In a statement, they said they were “not satisfied with the verdict” and reserved their right of appeal, adding they believed Jadeja was “not at fault, and supports him fully”.

An England and Wales Cricket Board spokesman told AFP they were not commenting on the Jadeja decision.

Anderson’s case will be dealt with in a separate hearing under ICC code of conduct commissioner Gordon Lewis on August 1 – the day after the scheduled finish of the third Test in Southampton, where the England paceman and Jadeja are free to play.

If found guilty of a level three offence, Anderson faces a ban of two-four Tests.

That would rule him out of next month’s fourth Test at Old Trafford and the series finale at The Oval.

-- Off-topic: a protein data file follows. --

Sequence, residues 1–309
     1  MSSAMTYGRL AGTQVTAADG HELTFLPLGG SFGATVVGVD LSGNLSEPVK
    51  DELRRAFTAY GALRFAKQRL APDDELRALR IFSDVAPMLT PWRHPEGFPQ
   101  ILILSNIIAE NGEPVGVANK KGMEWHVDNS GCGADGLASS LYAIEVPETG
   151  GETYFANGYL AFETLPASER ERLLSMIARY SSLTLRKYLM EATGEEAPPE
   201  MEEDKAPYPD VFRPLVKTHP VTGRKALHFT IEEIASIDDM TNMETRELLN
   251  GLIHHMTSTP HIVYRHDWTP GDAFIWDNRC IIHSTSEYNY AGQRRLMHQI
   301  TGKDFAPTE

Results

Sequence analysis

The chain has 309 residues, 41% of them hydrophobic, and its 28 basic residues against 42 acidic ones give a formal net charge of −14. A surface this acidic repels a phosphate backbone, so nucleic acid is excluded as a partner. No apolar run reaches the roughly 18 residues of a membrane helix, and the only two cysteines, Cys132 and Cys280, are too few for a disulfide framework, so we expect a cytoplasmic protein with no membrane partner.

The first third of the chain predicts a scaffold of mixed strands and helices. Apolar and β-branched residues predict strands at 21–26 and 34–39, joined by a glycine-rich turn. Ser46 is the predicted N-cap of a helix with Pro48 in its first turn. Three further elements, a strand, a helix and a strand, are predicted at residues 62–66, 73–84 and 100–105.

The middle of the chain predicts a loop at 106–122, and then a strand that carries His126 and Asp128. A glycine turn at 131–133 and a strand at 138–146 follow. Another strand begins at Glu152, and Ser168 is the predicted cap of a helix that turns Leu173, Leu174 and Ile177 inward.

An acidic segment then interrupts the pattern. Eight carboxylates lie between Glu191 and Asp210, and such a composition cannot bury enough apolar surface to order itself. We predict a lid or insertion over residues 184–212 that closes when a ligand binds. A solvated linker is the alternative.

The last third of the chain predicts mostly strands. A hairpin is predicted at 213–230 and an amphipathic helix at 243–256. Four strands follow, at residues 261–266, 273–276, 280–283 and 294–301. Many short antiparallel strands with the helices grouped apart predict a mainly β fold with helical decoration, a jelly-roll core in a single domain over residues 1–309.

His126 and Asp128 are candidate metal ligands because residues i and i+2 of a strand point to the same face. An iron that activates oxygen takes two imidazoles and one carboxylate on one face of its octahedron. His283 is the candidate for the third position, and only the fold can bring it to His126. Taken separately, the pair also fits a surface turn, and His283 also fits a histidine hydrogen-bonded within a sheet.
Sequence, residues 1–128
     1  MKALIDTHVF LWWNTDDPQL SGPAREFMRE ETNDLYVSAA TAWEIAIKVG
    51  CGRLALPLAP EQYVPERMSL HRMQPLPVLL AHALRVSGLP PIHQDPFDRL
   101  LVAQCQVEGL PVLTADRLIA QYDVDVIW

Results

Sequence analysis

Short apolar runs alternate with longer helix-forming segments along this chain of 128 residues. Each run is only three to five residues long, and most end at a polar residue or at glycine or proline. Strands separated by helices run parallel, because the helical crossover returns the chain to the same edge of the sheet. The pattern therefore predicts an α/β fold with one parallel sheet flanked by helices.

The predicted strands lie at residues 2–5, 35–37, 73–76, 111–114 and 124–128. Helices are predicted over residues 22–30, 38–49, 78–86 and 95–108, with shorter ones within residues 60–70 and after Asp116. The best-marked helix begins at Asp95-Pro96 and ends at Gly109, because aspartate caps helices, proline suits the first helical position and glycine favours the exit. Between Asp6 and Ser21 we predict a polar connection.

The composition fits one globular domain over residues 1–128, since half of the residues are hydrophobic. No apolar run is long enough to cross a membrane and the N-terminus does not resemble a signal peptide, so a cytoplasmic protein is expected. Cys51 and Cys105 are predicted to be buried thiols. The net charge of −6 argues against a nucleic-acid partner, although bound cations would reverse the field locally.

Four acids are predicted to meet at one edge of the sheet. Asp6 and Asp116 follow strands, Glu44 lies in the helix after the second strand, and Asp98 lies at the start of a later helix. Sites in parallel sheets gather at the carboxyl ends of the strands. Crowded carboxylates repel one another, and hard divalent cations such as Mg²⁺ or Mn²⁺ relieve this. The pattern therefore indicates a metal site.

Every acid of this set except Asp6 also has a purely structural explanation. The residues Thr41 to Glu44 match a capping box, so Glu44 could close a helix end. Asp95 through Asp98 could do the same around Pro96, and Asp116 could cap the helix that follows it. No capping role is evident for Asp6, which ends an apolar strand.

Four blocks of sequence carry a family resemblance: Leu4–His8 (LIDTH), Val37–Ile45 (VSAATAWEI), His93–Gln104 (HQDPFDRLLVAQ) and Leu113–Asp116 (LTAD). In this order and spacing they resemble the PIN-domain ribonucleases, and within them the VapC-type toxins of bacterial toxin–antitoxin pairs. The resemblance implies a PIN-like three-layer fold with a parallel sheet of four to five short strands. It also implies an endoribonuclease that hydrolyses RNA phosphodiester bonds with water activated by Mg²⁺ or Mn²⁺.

However, Lewis, like Boon, does have the option to downgrade Anderson’s charge if he finds him not guilty of a level three infringement.

India lead the series 1-0 after their second Test at Lord’s, the match ending with Jadeja’s run-out of Anderson after which the players were seen shaking hands.

Cronk stars in Storm NRL defeat of Broncos

Cameron Smith became the highest point-scoring forward in the NRL but it was Cooper Cronk who shone brightest as Melbourne continued their stranglehold over Brisbane on Friday night.


Cronk scored a try and set up three others for the Storm in a top-shelf playmaking display to rack up a 30-8 victory at Suncorp Stadium – their seventh straight success over Brisbane.

The halfback’s performance prompted league great Darren Lockyer to claim Cronk’s broken arm in the State of Origin opener, forcing a six-week break, has been a blessing in disguise for Melbourne.

With six more games before the playoffs, the 30-year-old is fresh and at the top of his game to give Storm fans great hope of another premiership.